Elisabeth Grundtvig

1856 - 1945


Elisabeth Grundtvig was a feminist and ‘gauntlet moralist’ (an advocate of sexual abstinence prior to marriage for both sexes, inspired by the Norwegian writer Bjørnstjerne Bjørnson’s play En Hanske (A Gauntlet), 1883), and she was the granddaughter of the poet N. F. S. Grundtvig. She grew up in Copenhagen, qualified as a schoolmistress in 1884, became a parliamentary stenographer in 1890, was a member of the committee of Dansk Kvindesamfund (Danish Women’s Society), and was editor of the periodical Kvinden og Samfundet in 1885-1886 and 1890-1895.

As a distinctly modern woman, unmarried and self-supporting, chaste and militant, she initiated the intense public debate of the 1880s about sexual morality, known as the morality debate, when she gave a talk under the heading “Nutidens sædelige Lighedskrav” (today’s demand for equality in chastity), which was printed in Kvinden og Samfundet. Attacking modern literature and holding up the chastity of the unmarried woman as an example to be followed by men, she challenged Georg Brandes.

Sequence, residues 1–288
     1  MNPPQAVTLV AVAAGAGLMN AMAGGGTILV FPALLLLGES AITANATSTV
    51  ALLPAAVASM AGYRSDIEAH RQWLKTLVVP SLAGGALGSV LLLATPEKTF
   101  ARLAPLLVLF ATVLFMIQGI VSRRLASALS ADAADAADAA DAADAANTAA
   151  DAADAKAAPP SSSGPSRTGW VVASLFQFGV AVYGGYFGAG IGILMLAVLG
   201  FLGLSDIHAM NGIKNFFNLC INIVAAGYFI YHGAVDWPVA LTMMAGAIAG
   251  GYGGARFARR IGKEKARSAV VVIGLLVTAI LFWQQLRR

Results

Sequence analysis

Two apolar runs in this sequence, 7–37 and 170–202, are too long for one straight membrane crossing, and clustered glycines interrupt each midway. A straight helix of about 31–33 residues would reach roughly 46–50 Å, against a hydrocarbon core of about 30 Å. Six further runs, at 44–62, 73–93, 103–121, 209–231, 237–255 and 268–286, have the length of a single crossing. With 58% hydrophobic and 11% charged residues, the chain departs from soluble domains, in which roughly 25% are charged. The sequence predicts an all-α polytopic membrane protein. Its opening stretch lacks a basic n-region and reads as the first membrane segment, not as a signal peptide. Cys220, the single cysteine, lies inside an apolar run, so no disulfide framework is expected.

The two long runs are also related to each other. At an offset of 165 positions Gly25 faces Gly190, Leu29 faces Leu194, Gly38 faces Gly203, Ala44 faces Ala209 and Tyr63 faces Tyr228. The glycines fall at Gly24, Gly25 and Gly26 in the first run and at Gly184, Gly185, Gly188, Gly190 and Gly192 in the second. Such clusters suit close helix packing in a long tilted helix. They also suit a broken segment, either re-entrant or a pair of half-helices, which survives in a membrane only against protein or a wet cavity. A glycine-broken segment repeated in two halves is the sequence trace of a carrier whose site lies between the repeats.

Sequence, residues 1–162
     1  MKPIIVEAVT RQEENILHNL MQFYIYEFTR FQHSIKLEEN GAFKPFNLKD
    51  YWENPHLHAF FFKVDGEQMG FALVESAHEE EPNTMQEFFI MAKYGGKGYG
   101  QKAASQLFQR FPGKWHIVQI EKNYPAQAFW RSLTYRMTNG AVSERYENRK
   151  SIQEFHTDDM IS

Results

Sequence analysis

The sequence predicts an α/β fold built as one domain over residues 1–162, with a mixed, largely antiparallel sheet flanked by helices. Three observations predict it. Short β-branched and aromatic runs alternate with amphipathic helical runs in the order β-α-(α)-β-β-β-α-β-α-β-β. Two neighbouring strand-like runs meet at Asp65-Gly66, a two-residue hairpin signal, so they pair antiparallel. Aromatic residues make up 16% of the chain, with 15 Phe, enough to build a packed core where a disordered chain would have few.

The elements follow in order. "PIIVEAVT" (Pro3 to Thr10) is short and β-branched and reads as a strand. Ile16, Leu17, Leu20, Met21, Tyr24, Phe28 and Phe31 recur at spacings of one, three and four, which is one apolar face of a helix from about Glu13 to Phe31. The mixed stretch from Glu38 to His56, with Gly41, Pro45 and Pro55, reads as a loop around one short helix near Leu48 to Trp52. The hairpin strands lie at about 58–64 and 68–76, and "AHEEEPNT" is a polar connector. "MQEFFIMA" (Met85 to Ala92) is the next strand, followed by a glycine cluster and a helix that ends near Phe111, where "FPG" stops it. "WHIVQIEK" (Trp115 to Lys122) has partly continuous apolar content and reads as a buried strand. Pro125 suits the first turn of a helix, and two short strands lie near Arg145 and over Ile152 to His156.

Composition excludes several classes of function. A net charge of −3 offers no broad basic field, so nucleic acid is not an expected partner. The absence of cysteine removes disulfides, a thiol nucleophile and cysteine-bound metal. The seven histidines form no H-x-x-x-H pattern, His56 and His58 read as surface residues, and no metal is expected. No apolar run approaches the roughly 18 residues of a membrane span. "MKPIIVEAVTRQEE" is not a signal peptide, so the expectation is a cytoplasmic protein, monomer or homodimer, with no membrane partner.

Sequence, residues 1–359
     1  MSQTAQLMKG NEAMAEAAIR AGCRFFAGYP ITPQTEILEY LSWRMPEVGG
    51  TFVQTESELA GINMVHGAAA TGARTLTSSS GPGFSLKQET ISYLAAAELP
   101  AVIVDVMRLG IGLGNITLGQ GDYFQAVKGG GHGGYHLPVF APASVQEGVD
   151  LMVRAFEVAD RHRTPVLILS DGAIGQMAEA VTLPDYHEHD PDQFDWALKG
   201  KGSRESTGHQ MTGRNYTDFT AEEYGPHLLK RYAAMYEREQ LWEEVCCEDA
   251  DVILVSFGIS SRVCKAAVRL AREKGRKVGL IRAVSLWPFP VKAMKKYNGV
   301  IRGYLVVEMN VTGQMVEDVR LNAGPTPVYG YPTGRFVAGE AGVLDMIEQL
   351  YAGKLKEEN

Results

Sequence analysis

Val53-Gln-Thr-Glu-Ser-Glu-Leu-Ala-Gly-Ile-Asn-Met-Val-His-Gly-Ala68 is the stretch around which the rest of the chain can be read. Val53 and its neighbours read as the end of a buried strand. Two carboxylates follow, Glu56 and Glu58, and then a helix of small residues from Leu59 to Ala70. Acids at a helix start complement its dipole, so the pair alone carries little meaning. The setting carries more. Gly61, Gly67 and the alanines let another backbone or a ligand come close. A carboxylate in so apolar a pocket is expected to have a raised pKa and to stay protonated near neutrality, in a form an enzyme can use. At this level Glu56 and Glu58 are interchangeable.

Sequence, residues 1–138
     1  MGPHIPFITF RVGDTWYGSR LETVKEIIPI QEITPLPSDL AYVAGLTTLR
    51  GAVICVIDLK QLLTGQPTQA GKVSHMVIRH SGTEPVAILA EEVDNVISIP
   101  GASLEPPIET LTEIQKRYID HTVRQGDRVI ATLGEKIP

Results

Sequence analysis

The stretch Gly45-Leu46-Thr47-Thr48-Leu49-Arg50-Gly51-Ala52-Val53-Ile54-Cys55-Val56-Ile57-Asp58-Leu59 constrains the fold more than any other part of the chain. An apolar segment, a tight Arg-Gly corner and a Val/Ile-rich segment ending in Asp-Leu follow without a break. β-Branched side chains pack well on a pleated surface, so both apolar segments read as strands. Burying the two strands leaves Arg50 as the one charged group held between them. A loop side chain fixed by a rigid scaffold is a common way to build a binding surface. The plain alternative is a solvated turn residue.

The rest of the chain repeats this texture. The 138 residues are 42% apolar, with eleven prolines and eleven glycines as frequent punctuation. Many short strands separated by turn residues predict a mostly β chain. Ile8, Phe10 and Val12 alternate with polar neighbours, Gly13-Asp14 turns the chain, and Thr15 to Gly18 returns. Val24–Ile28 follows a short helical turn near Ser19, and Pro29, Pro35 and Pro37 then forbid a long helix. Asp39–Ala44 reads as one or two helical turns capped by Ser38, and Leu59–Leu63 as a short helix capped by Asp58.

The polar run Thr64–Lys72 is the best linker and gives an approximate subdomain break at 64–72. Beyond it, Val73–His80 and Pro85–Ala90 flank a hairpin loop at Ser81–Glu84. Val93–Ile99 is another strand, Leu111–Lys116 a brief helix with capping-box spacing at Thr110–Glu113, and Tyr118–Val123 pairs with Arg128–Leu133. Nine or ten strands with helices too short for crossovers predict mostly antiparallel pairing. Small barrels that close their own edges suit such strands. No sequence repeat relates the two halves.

Articles about her